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More than 1.6 million new cancer cases are expected to be diagnosed this year—on top of the 14.5 million people already living with the disease. Now for the good news: Death rates are falling for the four most common cancer types (lung, colorectal, breast and prostate), and researchers are ever closer to extending survival rates and possibly even finding cures. The advances that should be on your radar:

Immunity-Boosting Injections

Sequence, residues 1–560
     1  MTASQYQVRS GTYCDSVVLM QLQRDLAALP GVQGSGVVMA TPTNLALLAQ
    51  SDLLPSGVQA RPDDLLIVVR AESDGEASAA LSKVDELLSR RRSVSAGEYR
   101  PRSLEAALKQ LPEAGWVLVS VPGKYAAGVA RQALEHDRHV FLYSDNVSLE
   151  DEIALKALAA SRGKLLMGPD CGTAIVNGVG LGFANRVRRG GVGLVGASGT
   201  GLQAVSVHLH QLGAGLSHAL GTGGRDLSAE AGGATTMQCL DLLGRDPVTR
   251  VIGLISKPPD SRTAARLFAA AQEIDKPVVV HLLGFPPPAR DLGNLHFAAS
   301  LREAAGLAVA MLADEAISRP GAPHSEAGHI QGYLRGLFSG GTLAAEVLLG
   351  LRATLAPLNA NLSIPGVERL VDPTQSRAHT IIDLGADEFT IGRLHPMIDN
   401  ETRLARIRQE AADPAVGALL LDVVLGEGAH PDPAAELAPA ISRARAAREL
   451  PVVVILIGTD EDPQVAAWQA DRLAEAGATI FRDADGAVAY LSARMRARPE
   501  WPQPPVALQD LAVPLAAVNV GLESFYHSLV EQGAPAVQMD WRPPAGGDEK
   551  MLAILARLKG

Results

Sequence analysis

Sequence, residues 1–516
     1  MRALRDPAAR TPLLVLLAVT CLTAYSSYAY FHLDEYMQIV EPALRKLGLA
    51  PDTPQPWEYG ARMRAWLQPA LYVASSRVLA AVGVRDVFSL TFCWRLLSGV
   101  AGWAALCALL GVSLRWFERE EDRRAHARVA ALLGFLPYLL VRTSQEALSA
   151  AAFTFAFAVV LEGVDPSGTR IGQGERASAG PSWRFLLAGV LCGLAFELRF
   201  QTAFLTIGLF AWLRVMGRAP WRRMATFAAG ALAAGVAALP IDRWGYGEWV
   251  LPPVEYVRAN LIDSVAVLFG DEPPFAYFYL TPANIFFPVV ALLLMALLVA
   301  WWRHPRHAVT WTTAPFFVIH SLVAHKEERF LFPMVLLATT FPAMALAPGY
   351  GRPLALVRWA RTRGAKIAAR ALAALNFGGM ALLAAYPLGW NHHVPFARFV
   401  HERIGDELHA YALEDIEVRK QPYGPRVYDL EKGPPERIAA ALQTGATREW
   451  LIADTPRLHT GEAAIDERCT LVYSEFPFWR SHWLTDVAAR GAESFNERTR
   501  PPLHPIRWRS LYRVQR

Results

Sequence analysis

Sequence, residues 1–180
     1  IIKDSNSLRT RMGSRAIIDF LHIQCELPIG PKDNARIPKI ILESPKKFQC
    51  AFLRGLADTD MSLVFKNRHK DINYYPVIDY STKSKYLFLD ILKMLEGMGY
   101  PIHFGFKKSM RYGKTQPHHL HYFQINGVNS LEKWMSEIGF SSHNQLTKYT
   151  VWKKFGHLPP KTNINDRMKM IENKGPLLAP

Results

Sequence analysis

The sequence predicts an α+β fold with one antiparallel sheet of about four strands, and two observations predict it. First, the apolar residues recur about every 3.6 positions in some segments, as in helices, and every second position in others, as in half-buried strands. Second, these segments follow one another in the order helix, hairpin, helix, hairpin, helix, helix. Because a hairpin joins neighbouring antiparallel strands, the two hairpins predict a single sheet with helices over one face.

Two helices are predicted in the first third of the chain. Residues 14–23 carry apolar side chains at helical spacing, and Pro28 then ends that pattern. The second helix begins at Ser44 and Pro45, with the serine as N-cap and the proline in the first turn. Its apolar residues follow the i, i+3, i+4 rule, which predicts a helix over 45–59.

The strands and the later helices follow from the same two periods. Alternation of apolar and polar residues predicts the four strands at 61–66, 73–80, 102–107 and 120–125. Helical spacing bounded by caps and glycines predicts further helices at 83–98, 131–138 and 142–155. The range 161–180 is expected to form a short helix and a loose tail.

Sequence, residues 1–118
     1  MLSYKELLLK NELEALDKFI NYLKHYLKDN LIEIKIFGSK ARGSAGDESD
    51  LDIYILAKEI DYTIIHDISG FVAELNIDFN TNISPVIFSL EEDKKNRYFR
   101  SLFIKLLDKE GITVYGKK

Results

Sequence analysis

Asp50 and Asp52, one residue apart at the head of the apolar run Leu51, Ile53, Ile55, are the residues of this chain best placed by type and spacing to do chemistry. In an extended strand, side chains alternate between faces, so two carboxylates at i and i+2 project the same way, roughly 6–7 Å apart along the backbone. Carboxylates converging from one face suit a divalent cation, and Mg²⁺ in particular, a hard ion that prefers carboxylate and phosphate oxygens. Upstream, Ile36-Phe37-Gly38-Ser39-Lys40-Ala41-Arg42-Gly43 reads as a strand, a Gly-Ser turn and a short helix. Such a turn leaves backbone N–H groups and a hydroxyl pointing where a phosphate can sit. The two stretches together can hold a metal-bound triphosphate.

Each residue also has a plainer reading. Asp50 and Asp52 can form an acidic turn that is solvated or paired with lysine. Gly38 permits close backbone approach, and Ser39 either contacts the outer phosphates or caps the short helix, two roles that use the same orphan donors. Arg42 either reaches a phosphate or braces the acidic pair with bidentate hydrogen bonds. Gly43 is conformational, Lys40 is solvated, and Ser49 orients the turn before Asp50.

One reason it's so hard to treat cancer: Malignancies can go undetected by the T cells that help our bodies fight disease. But a new type of treatment, chimeric antigen receptor (CAR) T-cell therapy, genetically modifies patients' T cells so they can recognize cancer—and get to work. "We've figured out how to identify proteins on a tumor cell that are more pronounced than you would see in normal tissue, then program the T cells to target those proteins," explains Behnam Badie, MD, chief of neurosurgery at City of Hope, a research and treatment center for cancer and other life-threatening diseases—and the first center in the U.S. to inject CAR T cells directly into brain tumors. "We already know this therapy works in the lab," Badie says. "We're now testing it on patients with brain tumors that haven't responded to radiation, surgery, or chemotherapy."